A Beginners Guide to Back Country Camping

It has been nearly a year since I moved from Toronto to Vancouver and during that time, I have tried to explore as much of the B.C. as possible.

They don’t call it beautiful B.C. out here for nothing. From the mountains, to the ocean this place is filled with such beauty.

Since moving here I have experienced the mountains through hiking and camping, the ocean through paddle boards and kayaks. I have seen whales and bears. Every inch offering some spectacular view. It is hard to believe that this is now home.

Over Canada Day long weekend though, I decided to experience something I have never done before; back country hiking and camping at Elfin Lakes.

The Experience 

We left early Sunday morning and made our way up to Squamish. Squamish is abut 45 minutes from downtown Vancouver. You really feel like you have left the city and entered a fairy tale. So much greenery and nature.

We then started our hike. 11KM up the first day, and part of me wanted to turn back for the first 5KM. It was extremely steep and pretty difficult with my backpack, but trust me it is worth it. During the first half of the hike we observed hundred year old trees and waterfalls. The air was so fresh, the views stunning. It wasn’t like any experience I have ever had.

The second half of the hike was gruelling in a different way. I don’t think I was quite prepared for the amount of snow we would have in July. My shoes weren’t quite as waterproof as I had hoped and navigating through the snow while rolling over hills was difficult, but again the views from here were magnificent. Snow capped peaks in the distances, clear blue water peaking out through the iced lakes.

 

We eventually made it to the top, and were lucky that we were one of the first ones there because they only had a few uncovered sleeping decks. We set up our tent with an open view of the endless mountain range. I couldn’t believe that would be my morning wake up.

Then we opened up the grill and started cooking outside in the wilderness while playing card games, drinking from the lake, and cracking open our boxed wine.

We watched the sunset while dancing to some music. Watching the colour disappear behind the mountains was magical. A sense of accomplishment came over me.

An early wake up call, some oatmeal and coffee, and then we started our decent back down. 11KM to go, and again plenty of snow stuck in my shoes.

This was one of the greatest experiences of my life to date. Back Country hiking really puts you out in nature, really forces you to put your phone down and appreciate the beauty that is all around you. I cannot wait to experience more hikes and camps like this.

 

Preparation 

As a relatively new hiker, I wanted to make sure that I was as prepared as possible. I knew that I wanted to make sure I had all of the necessities, but also wanted to pack light because I had a 22KM hike ahead of me. It was difficult finding the balance and hard to know exactly what to bring and what to leave at home. Here is a list of some of the essentials that I found helpful if you are hoping to try Back Country hiking and camping yourself;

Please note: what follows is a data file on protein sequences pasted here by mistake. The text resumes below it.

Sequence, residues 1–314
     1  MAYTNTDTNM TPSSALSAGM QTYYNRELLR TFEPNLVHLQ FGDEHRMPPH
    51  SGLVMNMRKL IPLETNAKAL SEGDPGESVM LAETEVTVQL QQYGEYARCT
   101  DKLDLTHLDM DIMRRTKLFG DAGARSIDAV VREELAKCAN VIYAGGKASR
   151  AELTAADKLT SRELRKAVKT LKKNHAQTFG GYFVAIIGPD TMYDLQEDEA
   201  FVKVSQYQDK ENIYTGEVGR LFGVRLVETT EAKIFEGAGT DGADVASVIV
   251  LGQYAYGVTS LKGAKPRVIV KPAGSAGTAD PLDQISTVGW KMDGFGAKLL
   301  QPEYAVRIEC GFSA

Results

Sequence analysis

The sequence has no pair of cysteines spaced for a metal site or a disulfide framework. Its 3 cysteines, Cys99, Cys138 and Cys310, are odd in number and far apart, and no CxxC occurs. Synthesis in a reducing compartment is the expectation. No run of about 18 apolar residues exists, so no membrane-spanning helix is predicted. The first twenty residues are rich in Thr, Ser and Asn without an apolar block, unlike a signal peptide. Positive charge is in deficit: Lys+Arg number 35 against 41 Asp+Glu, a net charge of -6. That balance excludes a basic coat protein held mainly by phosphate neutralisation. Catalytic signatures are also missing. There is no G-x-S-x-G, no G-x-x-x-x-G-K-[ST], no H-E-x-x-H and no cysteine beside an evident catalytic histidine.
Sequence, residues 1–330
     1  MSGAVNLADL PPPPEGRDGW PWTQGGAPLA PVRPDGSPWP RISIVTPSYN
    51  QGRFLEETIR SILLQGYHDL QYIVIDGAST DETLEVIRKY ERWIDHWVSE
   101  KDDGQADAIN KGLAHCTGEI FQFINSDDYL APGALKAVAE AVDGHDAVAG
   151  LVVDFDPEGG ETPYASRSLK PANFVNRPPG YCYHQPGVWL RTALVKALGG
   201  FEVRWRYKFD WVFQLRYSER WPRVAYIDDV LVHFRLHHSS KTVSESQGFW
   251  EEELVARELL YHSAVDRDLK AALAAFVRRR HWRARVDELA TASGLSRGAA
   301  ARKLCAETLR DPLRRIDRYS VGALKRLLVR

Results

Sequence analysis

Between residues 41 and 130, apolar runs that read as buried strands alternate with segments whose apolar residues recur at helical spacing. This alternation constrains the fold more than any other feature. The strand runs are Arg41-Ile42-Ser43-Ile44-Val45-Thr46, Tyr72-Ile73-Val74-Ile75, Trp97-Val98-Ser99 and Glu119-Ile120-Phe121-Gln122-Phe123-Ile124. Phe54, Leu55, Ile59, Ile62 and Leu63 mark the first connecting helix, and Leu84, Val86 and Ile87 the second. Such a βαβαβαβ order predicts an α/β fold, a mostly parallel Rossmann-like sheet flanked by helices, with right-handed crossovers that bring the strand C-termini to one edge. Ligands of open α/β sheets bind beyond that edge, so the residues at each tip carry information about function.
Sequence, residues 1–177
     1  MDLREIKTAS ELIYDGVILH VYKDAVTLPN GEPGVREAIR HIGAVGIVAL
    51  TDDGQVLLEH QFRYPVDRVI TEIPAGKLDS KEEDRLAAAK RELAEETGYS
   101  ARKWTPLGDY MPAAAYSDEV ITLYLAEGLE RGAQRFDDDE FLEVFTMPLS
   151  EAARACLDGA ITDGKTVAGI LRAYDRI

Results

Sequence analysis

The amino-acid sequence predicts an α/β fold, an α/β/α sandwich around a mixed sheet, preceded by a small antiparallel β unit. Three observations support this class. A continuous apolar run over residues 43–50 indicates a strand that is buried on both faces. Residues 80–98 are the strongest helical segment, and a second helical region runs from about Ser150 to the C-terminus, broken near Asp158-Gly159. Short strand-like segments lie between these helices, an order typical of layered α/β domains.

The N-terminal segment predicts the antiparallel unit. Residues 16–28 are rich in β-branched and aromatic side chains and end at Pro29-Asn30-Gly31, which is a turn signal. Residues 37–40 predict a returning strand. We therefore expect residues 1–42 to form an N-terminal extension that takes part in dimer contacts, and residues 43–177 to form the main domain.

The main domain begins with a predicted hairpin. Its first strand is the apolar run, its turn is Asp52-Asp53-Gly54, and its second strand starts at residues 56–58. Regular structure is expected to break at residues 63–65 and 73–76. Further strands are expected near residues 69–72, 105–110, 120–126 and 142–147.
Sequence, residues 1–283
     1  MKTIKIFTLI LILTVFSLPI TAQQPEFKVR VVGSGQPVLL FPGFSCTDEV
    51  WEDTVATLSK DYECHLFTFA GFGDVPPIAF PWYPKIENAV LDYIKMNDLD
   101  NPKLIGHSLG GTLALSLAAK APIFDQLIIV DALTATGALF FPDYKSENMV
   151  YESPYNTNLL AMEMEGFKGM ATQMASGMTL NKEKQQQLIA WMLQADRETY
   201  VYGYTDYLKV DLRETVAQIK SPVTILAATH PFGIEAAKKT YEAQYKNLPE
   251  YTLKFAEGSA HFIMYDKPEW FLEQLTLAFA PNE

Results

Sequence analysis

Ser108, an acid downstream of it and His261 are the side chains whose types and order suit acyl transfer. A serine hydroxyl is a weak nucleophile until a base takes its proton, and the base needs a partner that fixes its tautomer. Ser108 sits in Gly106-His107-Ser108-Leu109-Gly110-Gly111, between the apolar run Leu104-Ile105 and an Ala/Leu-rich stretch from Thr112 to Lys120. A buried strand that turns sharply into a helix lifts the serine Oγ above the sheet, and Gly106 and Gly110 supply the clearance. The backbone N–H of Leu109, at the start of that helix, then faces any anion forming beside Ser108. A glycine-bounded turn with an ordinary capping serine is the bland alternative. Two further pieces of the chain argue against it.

• A good backpack: I went with the MEC Mistral 55 Backpack. It was lightweight but had plenty of room to fit my needs. I loved the padded straps to make for comfortable hiking. I also loved the cross wind back, so that it doesn’t rest directly on your back and allows air to flow while hiking.
  • An all season lightweight tent: It is important to have a tent that can withstand the elements, but one that isn’t going to be too heavy during a hike.
  • A sleeping mat: You are going to be sleeping on the ground, so to make the experience as comfortable as possible, you may want a mat to lie on. Having that extra layer also makes for warmer conditions. I went with the MEC Deluxe Sleeping Pad. Light weight, but also extremely comfortable. Easy to inflate and deflate.
  • A sleeping bag: I used my Topquilt sleeping bag. You can find more info on what makes this the perfect sleeping bag in my previous blog post.
  • Layers: Canadian weather can change in an instant and so it is important to bring minimal amount of clothes, but clothes that can be used in the elements. Make sure you have warm socks and layers in case it gets cold at night. Also make sure you have enough dry socks. I learned that lesson the hard way.
  • Bear Spray: You definitely want to be prepared in case you run into any trouble.
  • A whistle: Again, a great way to be prepared in case of a dangerous situation.
  • Food: I packed some instant food from MEC. All you have to do is add water and you have a delicious meal that is easy and light to carry. Way easier than trying to bring a ton of different ingredients.
  • Matches: No matter what kind of hiking trip you are going on, you are going to want to have something that can light a fire.
  • Flashlight
  • Swiss army knife

For a full list of hiking essentials check out MEC’s awesome list. It really helped me prepare for my trip.

 

Safety first

I cannot wait to experience more of B.C. through these excursions and trips, but a reminder if you are going to go hiking and camping be prepared. Know the area, know the route, and let someone know where you are going. Because while the wilderness is beautiful but dangerous all at the same time.

You hear stories of people getting lost and hurt and you never think it can happen to you, but trust me if you aren’t prepared it most definitely can.

Have you every been back country hiking? I would love for you to comment below and share your experience!

Happy traveling my friends,

xo

Mia

 

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